[2] Our current ability to measure the size of these subatomic particles goes down to approximately 10-16 cm leveraging currently available instrumentation, so at the very least we can say that our ability to measure anything in the subatomic realm, or most certainly the realm of the general constituents of basic atomic elements such as quarks or gluons for example, is very challenging to say the least.  Even the measurement of the estimated size of an atom is not so straightforward as the measurement is dictated by the circumference of the atom, a measurement that relies specifically on the size or radius of the “orbit” of the electrons on said atom, “particles” whose actual “location” cannot be “measured” in tandem with their momentum, standard tenets of Quantum Mechanics, both of which constitute what we consider measurement in the classic Newtonian sense.

[3] In some respects, even at the cosmic scale, there is still significant reason to believe that even Relativity has room for improvement as evidenced by what physicists call Dark Matter and/or Dark Energy, artifacts and principles that have been created by theoretical physicists to describe matter and energy that they believe should exist according to Relativity Theory but the evidence for which their existence is still yet ”undiscovered”.  Both Dark Matter and Dark Energy represent active lines of research in modern day Cosmogony.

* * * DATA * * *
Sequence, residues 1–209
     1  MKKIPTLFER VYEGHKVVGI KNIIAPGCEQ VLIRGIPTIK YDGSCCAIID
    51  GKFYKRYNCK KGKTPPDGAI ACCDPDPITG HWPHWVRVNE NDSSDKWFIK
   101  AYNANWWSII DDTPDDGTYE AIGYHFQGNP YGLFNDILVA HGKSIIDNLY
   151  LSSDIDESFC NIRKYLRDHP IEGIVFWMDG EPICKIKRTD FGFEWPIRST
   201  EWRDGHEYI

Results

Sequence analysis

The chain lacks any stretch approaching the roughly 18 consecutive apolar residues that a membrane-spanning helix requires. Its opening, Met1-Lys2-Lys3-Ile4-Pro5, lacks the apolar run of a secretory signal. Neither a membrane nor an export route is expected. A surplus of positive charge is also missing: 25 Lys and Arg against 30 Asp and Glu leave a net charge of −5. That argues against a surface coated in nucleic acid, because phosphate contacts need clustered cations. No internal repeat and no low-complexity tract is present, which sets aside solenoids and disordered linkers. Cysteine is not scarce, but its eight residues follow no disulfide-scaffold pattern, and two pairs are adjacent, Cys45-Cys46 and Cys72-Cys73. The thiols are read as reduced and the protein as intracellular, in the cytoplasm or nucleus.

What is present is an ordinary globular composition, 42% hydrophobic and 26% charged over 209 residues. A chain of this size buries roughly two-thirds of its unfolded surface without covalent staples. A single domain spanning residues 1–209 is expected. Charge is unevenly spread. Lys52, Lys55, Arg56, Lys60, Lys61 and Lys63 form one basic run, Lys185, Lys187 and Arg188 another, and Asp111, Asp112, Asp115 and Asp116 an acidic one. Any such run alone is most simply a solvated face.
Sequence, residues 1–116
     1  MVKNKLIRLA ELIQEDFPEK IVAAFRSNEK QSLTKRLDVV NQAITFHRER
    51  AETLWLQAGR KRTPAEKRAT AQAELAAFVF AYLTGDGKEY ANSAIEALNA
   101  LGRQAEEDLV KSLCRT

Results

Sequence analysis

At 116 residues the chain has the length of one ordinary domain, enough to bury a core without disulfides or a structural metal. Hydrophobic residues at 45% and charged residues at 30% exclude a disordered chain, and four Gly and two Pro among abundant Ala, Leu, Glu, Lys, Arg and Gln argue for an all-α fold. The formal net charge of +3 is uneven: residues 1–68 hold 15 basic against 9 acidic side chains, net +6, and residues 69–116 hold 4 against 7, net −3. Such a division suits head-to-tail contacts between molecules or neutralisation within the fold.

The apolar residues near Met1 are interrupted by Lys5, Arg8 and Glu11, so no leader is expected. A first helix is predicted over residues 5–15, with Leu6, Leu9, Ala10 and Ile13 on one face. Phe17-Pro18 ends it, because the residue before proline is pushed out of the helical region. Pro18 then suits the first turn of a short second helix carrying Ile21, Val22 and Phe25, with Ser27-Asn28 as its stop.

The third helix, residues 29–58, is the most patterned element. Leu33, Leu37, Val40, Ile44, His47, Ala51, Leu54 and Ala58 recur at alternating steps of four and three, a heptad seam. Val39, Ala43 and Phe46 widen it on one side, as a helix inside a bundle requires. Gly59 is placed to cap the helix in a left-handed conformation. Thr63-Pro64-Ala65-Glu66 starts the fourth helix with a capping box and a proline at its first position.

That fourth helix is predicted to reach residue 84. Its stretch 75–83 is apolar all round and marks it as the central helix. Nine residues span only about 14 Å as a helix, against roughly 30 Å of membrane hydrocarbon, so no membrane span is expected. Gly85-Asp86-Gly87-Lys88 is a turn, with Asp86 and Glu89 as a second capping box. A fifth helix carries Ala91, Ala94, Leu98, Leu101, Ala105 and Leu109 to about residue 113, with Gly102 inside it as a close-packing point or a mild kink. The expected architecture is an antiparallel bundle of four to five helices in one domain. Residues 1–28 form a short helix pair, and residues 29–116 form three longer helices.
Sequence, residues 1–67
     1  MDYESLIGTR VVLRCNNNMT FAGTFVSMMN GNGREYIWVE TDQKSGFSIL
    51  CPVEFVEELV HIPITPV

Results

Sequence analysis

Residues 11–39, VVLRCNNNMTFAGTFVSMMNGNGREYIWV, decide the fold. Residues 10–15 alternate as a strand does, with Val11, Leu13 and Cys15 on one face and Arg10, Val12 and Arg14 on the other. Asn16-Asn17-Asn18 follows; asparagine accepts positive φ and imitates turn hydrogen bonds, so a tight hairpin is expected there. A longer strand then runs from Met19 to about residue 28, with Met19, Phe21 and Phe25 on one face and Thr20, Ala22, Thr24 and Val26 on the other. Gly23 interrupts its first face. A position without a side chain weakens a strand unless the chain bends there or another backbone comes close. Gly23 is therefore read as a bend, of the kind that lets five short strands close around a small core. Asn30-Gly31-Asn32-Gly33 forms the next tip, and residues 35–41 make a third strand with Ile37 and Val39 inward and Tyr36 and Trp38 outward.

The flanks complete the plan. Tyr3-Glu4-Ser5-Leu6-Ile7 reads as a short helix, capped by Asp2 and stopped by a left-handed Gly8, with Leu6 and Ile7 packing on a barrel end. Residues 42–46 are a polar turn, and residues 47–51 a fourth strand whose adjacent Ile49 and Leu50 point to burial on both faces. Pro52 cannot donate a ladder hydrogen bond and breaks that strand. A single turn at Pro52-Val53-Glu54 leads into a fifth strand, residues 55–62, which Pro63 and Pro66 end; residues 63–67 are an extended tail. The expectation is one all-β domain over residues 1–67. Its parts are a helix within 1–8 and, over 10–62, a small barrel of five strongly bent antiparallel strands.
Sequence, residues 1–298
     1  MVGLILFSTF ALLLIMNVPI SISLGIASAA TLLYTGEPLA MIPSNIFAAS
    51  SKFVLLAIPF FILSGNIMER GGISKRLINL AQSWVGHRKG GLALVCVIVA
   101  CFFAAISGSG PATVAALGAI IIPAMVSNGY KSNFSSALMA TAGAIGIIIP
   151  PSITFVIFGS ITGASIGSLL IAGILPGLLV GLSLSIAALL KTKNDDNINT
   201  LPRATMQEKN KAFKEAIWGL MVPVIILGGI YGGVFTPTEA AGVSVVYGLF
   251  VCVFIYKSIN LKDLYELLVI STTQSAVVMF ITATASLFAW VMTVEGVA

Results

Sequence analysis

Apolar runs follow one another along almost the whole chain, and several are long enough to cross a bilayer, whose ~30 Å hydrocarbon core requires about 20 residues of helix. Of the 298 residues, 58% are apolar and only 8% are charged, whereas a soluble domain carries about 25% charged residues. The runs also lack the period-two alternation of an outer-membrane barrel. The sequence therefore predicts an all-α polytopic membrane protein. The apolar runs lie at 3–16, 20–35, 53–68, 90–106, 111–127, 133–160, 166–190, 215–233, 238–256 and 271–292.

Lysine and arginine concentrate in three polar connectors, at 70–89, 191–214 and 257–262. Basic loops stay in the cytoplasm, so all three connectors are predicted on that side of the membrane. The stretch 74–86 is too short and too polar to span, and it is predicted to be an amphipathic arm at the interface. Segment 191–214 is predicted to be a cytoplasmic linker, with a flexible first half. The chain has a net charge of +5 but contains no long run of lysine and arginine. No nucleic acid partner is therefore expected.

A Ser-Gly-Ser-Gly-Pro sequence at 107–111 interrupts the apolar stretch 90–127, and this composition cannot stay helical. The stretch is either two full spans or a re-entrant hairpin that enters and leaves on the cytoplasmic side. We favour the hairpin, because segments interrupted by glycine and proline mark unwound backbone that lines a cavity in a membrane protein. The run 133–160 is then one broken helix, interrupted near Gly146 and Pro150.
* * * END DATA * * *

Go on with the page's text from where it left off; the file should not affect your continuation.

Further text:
[4] Quantum Theory has its roots in this initial hypothesis by Planck, and in this sense he is considered by some to be the father of Quantum Theory and Quantum Mechanics.  It is for this work in the discovery of energy quanta that Max Planck received the Nobel Prize in Physics in 1918, some 15 or so years after publishing.